Changing Tides and Pearls of the Pacific

It’s amazing what 2 1/2 years away from a country can teach you. Coming back to the UK provided me with a huge lungful of fresh (and remarkably cool) air and sometimes the mind and soul needs inspiration. I found bucket loads…

So, as I talked about in my previous post, it was back to England for me with an invitation from the JD Wetherspoon pub group to come over and brew a tasty beverage for their biannual International Real Ale Festival. The ale of choice was a nice, hoppy, black number, brewed at the fantastic Batemans Brewery in Lincolnshire with a liberal dosing of Kiwi hops in the mix. The festival just began a couple of days ago, so it has been brilliant to see people on social media enjoying the beer and commenting so positively!

It began (inevitably) with the long airway trek from the Land of the Long White Cloud via various countries to the ever welcoming London Heathrow airport. I was met there by Ian Jeffery of Naked Brands, the company that has the fun challenge of organizing all of us international brewers and ensuring we arrive and get to our corresponding breweries on time! After 50 hours of travel, I did find myself slightly dehydrated, so by luck, there was a pub in the airport. Fellow international brewer, Jason Oliver from Devils Backbone Brewery was obviously also feeling a little dry, so we shared a couple of pints, had a few yarns, as seems to happen in British pubs and made our way to the hotel in Euston. This hotel was conveniently close to the Euston Tap and even closer to the Cider Tap. Needless to say, we sampled like we hadn’t been there for years and slept like babies that night.

A thirsty Jason Oliver from Devils Backbone Brewery

The next morning it was up bright and early and on to the train to Lincolnshire. I was off to Batemans Brewery in the bustling metropolis of Wainfleet All Saints to lay down a couple of brews and freakin’ excited at the prospect! The train ride gave me a bit of time to reflect on the quality and diversity of the beers and ciders that I’d been sampling the night before. I thought back to 2006 when I first arrived in the UK and began brewing there and the offer of beers that was around. There wasn’t a lot of non big brand beer available, seldom did you see something from the US. The keg beer from smaller breweries in the UK was pretty much limited to breweries like Meantime and Samuel Smiths and even then, I could imagine the challenge to get tap space in bars was a tough one. Changing tides? Absolutely.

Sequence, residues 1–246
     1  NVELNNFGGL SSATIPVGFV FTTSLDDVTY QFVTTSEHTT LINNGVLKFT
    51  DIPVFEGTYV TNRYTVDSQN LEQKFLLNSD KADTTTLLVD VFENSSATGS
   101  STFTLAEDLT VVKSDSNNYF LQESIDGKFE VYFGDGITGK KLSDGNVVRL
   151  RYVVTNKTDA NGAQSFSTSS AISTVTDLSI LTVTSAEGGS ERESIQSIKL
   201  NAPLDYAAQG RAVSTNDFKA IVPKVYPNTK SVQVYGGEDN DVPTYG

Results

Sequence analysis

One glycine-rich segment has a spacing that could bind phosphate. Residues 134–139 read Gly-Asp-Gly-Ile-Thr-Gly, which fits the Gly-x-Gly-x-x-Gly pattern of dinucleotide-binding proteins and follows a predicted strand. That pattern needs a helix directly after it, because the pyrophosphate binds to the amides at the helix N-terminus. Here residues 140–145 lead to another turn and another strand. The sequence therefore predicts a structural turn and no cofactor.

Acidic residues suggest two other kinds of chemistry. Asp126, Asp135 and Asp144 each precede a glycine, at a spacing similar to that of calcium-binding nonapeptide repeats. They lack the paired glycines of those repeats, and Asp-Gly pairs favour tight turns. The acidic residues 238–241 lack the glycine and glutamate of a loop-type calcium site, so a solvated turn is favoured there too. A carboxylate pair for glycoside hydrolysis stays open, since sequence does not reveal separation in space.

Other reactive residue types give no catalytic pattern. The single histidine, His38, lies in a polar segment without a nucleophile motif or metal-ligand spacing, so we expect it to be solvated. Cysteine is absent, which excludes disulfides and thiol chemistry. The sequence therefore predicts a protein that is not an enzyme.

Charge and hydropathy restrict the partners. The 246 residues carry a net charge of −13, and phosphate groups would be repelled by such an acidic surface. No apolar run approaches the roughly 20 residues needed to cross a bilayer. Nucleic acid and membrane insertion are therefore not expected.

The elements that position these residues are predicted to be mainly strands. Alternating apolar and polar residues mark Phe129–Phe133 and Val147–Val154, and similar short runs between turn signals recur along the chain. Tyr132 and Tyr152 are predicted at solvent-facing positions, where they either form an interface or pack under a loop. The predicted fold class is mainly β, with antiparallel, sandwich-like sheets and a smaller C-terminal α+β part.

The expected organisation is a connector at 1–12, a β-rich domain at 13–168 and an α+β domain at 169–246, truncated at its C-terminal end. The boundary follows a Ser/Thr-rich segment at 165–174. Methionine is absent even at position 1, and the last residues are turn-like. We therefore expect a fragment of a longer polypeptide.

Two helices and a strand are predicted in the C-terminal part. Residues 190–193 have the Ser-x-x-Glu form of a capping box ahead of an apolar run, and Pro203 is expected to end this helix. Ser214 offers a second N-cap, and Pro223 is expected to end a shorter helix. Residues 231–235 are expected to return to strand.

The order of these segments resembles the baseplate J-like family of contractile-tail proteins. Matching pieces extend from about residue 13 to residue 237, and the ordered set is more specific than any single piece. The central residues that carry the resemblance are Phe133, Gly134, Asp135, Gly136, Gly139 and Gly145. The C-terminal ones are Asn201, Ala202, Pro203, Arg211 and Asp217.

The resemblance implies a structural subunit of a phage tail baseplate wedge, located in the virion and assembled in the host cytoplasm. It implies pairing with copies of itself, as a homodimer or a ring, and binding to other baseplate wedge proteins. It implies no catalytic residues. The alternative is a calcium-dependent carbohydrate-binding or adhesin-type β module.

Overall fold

Leaving England in 2010, I remembered the beginning of the London Brewery Alliance, with its 9 or 10 breweries back then. Returning a couple of years later, I was absolutely staggered by the amount of intensive growth. The new wave of breweries, all working hard to promote and interest people with a good pint… An impressive 40+ breweries now operating in the London region. It’s amazing to see this change and how this industry is metamorphosing with a great combination of tasty keg and cask beer on offer in a growing number of pubs and bars.

My mind shifted back to the flat, agricultural fields of Lincolnshire and the heady, sulphurous Brassica aromatics that came from the surrounding countryside, cabbages abound. I made a mental note that fresh cabbage leaves should never make it into any speciality beer…

I met up with Martin Cullimore, Batemans’ Head Brewer at the train station and we made our way to the brewery. I was really looking forward to seeing the distinctive windmill tower that is heralded in their branding and was suitably impressed by the choice of flag that stood proud at the top…

The New Zealand Flag on top of the Batemans Brewery windmill

The New Zealand Flag on top of the Batemans Brewery windmill

It was up bright and early the next morning, with 120 UK barrels (around 19640 litres) to be brewed, it was going to be a decent days work! I met up with brewer Adrian Symonds and we began mashing in some tasty Pacific Pearl wort! Interestingly, Adrian and his family (including his parents and uncles) had worked collectively for around 180 years for Batemans Brewery. How amazing is that!!

The Pacific Pearl hop and grain grist came about from a bunch of phone calls and emails between Head Brewer Martin and myself. We chose to use some malt varieties that Martin used in his Batemans beers, in particular the Flagon variety of barley along with a blend of Munich, Chocolate, Black malt and a hint of Crystal to provide a bit of dextrinous richness to balance out the bittering hops. Hop wise, I chose a triumvirate of Kiwi powerhouse hops… Pacific Jade, Pacific Gem and Pacifica. The plan was also to use some Nelson Sauvin or New Zealand Chinook in the dry-hopping, but due to lack of supply and the seemingly endless infatuation with Kiwi hops abroad, I decided that an alternative that would give a similar resinous, citrus kick would have to be the lovely US Chinook… It is grown close to the Pacific, so I thought that was enough for me to allow it into the mix…